Hi! Why I don’t like being addressed as “Hi” in emails

Hiya! You don’t know me but I want to sell something to you. I haven’t bothered do do any research on your company, so don’t know the name of anyone to approach. Even though I’ve used the [email protected] email address, I’m still addressing you as “hiya” because actually I’m sending this email to 20 other people. Oops, I put them in the cc section of the email rather than bcc.

delete-buttonI always delete these emails. They are the equivalent of the cold call “Could I speak to the business owner”. Of course newsletters don’t always have a name on them, but the recipient has (hopefully) subscribed to the email first.

I was at a leadership course this week, and some business owners were horrified when I said I disregarded any email approach by a musician for Viva Live Music that emailed “Hi” or “Hiya” without using my name or the name of one of my team. Other people completely understood. The nature of Viva Live Music is that clients trust we will send out musicians that know how to behave. If they can’t be bothered to look on the website and address a member of the team, what could they be like with clients when they are representing the company? What does it say about them if they value our potential business relationship so little, they email us with 20 other people?

On Tuesday I gave a lecture to Third Year students at Hertfordshire University. I mentioned emails and also the value in preparing before any email. Finding the name of a decision maker in a  company you approach is invaluable as well as tailoring the email to the company.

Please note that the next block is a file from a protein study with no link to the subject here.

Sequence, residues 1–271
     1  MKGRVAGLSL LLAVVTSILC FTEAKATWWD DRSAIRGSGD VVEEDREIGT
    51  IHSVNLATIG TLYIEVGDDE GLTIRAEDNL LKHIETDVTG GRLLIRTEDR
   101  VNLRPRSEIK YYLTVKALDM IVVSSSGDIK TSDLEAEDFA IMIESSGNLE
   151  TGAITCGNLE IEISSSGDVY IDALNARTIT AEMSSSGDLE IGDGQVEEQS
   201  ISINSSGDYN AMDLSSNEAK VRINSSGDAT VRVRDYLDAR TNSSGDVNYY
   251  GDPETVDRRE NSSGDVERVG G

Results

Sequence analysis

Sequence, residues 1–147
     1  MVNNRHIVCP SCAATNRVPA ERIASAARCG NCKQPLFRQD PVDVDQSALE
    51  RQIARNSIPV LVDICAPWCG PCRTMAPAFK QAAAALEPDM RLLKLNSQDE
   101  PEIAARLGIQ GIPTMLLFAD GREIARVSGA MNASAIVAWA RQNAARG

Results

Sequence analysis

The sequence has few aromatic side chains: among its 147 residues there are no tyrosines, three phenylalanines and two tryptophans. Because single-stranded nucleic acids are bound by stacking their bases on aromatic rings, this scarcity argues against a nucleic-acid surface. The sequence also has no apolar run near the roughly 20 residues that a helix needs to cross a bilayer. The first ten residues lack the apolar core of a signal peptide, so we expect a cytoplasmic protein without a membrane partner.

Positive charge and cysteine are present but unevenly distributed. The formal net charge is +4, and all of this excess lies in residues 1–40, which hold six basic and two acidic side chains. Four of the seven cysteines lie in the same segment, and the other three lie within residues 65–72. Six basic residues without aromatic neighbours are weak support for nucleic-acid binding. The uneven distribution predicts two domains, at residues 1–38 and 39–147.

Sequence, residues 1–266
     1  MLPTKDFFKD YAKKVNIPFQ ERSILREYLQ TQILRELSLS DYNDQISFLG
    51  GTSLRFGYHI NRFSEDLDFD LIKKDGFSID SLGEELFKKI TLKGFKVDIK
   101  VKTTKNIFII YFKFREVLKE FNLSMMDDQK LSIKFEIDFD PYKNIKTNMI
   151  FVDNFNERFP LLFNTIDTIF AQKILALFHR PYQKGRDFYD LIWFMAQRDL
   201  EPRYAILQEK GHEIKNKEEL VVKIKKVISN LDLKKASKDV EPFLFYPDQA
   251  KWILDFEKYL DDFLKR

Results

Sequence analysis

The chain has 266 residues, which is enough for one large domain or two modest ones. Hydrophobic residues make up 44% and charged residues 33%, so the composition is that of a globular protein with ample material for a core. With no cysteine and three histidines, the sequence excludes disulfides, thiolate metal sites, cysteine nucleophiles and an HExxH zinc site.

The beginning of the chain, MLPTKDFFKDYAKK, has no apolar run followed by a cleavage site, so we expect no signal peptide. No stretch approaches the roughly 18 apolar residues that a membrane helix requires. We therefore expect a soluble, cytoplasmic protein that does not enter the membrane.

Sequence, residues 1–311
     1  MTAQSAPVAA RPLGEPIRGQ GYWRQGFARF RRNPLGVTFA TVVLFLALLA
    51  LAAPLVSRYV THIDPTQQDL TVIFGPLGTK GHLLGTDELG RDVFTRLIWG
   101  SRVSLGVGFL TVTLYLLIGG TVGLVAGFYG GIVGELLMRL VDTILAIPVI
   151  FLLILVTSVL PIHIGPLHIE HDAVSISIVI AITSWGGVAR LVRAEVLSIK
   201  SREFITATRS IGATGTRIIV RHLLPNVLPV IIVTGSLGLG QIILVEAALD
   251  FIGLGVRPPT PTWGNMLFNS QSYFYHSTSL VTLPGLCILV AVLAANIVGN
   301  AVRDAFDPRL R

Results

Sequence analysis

Social media and digital methods of communicating with each other have made it so much easier to reach out to others. As the technology has moved so quickly, etiquette hasn’t quite kept up with this. A posting on Facebook or tweet is to all of your followers; but an email is more personal.

A social media consultant has just contacted me, via the Linkedin email system (i.e. personalised messages) with a Hi, address. He wanted all of his followers to endorse his services as a social media expert. Of course he is using the Linkedin technology to communicate, but he might as well have posted this on his status because he didn’t personalise the email. So it was deleted.

What do you think?

About the author

Susan Heaton Wright is a former opera singer who works with successful individuals and teams to make an impact with their voices and physical presence. Using her experience in using the voice and performing on stage, she works with people to improve their performances in a range of business situations; from meeting skills and on the telephone, to public speaking, presentations and appearing on the media.

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